The Substance of Faith (Book 1)

Following Jesus involves being and doing, the journey inward and the journey outward. The books I’ve chosen for the summer series fall into these two broad categories.

The first and last books are about the outward journey. The second, third and fourth books are about the inward journey.

The first book is fairly obscure. I realize that almost nobody has heard of The Substance of Faith and Other Cotton Patch Sermons or it’s author Clarence Jordan. And that’s too bad.

On Sunday I get to tell you why the book is significant and about Clarence who is one of  the Christian saints of the twentieth century.

I want to come clean up front about why this book tops my list. It’s the content of the book and the character of it’s author, for sure. But there is this one little detail that really makes the book stand out for me.

My second year in seminary while taking a class on the Sermon on the Mount, I had literally stumbled on Clarence Jordan’s The Sermon on the Mount, which he wrote as a Bible study for the American Baptist Churches in 1952. The book blew me away.

For weeks I talked about Clarence Jordan and his insights to all of my friends—boring them terribly. Except for this one friend.

Then for my twenty-fourth birthday I received as a gift The Substance of Faith and Other Cotton Patch Sermons from a smart, attractive young woman who I was quite taken with at the time. She was in seminary, too, and we were both studying Greek, so it didn’t seem odd that she wrote in the front of the book in Greek: From the woman friend, Love forever.

Eight months later I married Lynda, and there were hundreds of reasons I made that choice. One reason was her deep sense of what is right and real and true.

Like Clarence Jordan’s grasp of how the Christian faith was intended be lived.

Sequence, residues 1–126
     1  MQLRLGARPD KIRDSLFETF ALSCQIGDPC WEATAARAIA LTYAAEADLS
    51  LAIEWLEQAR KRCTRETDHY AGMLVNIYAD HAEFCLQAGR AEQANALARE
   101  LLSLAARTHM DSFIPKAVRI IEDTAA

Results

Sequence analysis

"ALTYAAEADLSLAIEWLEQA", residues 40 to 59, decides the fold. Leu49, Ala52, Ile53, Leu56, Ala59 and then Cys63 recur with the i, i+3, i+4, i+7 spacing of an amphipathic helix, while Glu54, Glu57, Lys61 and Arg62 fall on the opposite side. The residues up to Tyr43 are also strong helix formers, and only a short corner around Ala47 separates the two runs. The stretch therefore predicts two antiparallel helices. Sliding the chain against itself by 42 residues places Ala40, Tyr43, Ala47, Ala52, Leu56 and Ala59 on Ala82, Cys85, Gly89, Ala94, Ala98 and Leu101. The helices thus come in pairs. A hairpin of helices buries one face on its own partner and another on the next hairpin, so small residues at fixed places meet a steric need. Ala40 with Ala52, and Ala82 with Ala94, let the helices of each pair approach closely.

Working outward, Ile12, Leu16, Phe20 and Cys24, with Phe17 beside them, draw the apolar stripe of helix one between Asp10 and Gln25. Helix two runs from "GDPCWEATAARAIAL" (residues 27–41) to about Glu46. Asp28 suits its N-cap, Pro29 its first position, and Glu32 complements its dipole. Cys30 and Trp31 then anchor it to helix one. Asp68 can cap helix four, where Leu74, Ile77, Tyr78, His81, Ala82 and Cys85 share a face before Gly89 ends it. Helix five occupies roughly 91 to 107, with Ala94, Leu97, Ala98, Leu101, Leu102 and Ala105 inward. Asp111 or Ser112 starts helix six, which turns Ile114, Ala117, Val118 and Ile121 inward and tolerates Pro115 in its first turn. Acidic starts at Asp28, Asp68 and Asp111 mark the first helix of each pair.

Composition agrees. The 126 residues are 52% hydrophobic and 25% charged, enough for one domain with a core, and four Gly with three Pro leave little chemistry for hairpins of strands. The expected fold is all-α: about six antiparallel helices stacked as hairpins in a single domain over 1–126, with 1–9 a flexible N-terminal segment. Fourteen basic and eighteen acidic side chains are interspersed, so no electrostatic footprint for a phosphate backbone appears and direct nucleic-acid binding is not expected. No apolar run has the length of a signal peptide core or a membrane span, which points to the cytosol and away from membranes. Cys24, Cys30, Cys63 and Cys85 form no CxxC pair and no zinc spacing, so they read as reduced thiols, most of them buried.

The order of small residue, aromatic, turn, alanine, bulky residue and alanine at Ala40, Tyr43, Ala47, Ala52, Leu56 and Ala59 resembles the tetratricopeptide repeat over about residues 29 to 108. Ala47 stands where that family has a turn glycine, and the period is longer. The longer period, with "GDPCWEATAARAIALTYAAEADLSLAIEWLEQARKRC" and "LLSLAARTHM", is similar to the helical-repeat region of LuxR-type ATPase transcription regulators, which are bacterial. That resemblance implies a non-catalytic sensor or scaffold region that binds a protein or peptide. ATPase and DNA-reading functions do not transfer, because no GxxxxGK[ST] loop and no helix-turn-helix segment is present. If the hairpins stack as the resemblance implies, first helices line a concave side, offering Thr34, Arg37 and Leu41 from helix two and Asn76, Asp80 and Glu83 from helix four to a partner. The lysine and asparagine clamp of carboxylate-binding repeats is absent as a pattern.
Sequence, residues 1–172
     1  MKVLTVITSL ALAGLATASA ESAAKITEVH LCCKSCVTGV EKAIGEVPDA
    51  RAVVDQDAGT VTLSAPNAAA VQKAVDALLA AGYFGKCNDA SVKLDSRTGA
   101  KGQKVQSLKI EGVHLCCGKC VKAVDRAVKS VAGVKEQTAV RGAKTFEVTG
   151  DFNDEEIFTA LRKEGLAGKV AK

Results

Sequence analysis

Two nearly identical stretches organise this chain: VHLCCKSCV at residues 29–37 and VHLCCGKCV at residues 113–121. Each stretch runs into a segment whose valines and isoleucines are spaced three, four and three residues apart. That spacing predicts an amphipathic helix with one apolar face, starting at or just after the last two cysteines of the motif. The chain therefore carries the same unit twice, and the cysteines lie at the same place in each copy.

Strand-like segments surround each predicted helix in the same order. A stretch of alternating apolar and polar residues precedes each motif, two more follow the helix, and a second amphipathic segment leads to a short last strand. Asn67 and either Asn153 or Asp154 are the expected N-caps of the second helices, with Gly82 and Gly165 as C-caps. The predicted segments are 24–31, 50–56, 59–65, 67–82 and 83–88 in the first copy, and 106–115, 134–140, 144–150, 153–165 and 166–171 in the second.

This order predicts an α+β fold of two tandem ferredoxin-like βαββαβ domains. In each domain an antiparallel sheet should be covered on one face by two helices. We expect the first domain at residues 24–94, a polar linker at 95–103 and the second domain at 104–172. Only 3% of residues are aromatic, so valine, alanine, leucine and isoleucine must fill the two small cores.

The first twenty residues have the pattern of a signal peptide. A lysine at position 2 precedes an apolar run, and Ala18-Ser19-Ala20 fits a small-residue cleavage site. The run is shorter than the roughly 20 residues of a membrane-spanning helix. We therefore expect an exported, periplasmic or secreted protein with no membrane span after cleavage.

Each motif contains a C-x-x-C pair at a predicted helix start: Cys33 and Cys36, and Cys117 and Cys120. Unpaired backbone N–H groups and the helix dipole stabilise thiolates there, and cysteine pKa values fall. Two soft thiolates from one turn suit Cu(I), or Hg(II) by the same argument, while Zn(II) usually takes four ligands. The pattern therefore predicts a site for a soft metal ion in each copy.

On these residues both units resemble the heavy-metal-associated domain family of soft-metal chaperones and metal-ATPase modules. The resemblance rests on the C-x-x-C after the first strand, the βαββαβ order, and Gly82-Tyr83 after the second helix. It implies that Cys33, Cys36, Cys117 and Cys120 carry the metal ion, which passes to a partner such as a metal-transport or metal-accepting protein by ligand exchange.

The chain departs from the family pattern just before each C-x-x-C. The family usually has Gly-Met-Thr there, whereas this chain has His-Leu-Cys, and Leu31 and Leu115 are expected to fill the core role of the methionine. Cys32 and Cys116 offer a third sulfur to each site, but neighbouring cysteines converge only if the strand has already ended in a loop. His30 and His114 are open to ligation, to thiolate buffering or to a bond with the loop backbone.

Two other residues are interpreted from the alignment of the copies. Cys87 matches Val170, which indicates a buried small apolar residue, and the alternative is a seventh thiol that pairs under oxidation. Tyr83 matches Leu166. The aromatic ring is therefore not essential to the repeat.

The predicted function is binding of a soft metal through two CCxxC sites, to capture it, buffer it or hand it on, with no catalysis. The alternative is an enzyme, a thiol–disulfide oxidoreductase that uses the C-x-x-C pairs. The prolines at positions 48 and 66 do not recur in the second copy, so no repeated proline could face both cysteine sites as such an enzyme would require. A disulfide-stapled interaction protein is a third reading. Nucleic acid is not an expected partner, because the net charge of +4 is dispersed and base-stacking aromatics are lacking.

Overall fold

Clarence was a farm boy from Georgia who went to college to study agriculture. He was  training to be an army officer when it struck him that as a follower of Jesus he should be loving his enemies not driving bayonets through them, so he resigned his commission and headed to seminary.

He earned a Ph.D in Greek New Testament, studying with A.T. Robertson, the finest scholar Southern Baptists every produced. After seminary, Clarence and his wife Florence moved to a farm outside of Americas, Georgia, and set about establishing an interracial Christian community modeled after the descriptions of the early church found in the book of Acts. The year was 1942.

They called their experiment Koinonia Farm. It was the birthplace of Habitat for Humanity. I’ll tell you that story on Sunday.

Clarence translated much of the New Testament and called it The Cotton Patch Version. He imagined that Jesus had been born in contemporary Georgia, and so the cities found in the New Testament became cities in the South. The struggle between Jew and non-Jew became the contemporary struggle between whites and blacks. The Cotton Patch Version of the New Testament has an edge that our typical English translations leave locked in history. Thanks to Smyth and Helwys Publishers you can read The Cotton Path Version online here.

Clarence Jordan died of a heart attack in October 1969. He was 57. They buried him at Koinonia Farm, and after they had covered his body with soil, everyone was standing around not quite knowing what to say. Out of the silence a little girl began to sing, “Happy birthday to you. Happy birthday to you. Happy birthday, dear Clarence….”

I’m really looking forward to introducing you to Clarence Jordan on Sunday.

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